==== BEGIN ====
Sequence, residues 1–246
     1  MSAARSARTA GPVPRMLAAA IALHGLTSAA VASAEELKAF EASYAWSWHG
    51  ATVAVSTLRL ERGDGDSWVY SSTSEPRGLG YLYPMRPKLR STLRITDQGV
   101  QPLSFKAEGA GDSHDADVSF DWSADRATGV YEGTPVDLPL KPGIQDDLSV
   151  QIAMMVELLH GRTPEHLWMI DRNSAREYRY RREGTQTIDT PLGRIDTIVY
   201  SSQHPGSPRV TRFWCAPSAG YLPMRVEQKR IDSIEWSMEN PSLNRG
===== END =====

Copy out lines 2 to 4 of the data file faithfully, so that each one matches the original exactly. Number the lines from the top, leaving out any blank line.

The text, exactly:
     1  MSAARSARTA GPVPRMLAAA IALHGLTSAA VASAEELKAF EASYAWSWHG
    51  ATVAVSTLRL ERGDGDSWVY SSTSEPRGLG YLYPMRPKLR STLRITDQGV
   101  QPLSFKAEGA GDSHDADVSF DWSADRATGV YEGTPVDLPL KPGIQDDLSV